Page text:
Why is this the case? It's because for 40 years the liberals have indulged themselves in identity politics. This has prevented any coalition that would produce fundamental change. For 40 years liberals have had no emotional appeal to those in the middle or on the Right. We see that once again wherein Trump has a message; Hillary has none. Political and social change do not come from intellectual explaining; they come from mobilizing great numbers of people, by moving them emotionally, either to go to the ballot box or into the streets.

An emotional appeal moves people; an intellectual appeal interests people. Big difference. Liberals reach out to the minds; right-wingers reach out to the feelings. Even when those emotional messages are lies, are distortions, are cover-ups for greed, racism, and aggression, they work. They work because they appeal to feelings. Trump is the proof of that.It is easy for liberals to think that those on the Right have the same feelings as they have, such as compassion. They do not. It is not in their self-interest, they think, to let themselves have compassion for others in a different race, social class, religion, etc. Here are a few examples of what the liberal Left might have done for the past 40 years to reach those in the middle and on the Right.

"Being poor is not your fault"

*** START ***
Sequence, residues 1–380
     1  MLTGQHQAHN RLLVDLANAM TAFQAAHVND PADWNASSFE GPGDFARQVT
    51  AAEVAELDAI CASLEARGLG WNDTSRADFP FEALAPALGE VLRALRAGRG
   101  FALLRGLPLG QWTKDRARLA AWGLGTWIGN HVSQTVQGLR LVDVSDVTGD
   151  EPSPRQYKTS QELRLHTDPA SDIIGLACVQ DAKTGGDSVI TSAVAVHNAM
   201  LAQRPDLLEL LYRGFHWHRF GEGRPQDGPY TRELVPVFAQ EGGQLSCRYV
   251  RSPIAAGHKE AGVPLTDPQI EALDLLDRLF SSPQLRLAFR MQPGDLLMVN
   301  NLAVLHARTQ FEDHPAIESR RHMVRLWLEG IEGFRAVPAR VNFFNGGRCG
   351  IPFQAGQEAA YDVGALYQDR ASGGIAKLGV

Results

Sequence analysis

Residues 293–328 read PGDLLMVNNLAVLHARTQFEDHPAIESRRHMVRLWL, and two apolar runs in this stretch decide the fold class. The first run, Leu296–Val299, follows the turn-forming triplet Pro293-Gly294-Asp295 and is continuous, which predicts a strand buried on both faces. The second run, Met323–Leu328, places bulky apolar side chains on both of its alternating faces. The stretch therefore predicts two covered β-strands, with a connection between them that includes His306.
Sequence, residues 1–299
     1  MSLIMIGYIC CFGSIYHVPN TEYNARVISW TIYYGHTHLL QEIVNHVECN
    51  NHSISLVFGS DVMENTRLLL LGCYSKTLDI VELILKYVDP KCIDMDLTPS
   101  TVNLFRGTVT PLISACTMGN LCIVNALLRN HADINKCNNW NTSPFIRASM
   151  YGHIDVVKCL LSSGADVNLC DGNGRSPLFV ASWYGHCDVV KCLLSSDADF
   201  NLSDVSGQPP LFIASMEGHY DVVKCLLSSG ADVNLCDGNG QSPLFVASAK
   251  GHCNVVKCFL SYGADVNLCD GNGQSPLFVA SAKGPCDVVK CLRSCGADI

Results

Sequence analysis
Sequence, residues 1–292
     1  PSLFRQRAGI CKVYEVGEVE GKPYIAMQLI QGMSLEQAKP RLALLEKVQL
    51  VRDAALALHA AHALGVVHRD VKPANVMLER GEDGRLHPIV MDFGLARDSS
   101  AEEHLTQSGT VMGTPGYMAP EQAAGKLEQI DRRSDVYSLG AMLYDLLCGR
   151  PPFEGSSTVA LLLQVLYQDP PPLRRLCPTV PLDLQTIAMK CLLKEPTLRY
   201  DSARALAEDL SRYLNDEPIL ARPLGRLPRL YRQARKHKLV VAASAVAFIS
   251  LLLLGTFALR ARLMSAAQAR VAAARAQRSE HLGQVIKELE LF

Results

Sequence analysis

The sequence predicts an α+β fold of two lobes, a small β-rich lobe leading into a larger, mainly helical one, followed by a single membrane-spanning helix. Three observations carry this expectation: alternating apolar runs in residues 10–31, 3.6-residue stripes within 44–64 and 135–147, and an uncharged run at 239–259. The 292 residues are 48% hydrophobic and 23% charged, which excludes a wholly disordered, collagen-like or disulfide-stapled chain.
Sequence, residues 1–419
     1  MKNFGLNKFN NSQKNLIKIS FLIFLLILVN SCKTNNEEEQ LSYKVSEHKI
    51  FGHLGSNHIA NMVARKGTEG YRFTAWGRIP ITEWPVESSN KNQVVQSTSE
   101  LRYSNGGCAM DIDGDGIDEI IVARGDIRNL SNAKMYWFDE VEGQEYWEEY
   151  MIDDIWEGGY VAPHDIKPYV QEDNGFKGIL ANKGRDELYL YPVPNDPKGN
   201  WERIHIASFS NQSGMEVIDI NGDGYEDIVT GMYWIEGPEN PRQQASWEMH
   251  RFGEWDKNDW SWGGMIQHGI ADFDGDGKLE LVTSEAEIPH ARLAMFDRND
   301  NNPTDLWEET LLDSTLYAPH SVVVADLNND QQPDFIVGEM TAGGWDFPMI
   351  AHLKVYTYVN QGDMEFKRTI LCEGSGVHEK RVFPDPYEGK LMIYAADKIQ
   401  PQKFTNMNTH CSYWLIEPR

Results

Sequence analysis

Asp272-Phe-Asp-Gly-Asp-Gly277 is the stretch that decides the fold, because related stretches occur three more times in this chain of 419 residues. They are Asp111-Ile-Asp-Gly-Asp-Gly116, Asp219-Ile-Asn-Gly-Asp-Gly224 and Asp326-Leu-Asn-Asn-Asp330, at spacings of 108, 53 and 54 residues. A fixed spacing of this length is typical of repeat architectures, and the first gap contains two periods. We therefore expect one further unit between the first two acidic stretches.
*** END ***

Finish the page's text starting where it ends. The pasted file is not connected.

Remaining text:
"War is not the answer"

"Guns kill people!"

"Get your dollars off my back!"

"Having more than two children is harmful"

"Don't let them divide us"

"Women are equal to men. Period."

Those types of emotional appeals are what it is going to take to move the political spectrum toward the progressive Left. Bernie tried, but he did not use any of those kind of appeals. He said, "A future you can believe in". How different, if at all, is that from "Make America Great Again"? Neither Bernie, who has capitulated to the Liberals, nor Hillary, have been able to get out of their heads and into people's feelings. They do not attack the root causes of the problem. The American Dream is a myth. The super-rich are well dressed crooks. Jails are not the answer. Addiction is a disease. Religion is self-delusion.

Those kinds of statements might get people thinking. To get them thinking you must first engage their feelings. 80% of our energy goes to feelings; only 20% to thought. Let's put first things first.

Lee Simon

Round Hill Farm, Virginia

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Editor and fellow AVAers,

It's a Sunny Sunday, July 10, 2016, Fort Bragg, California.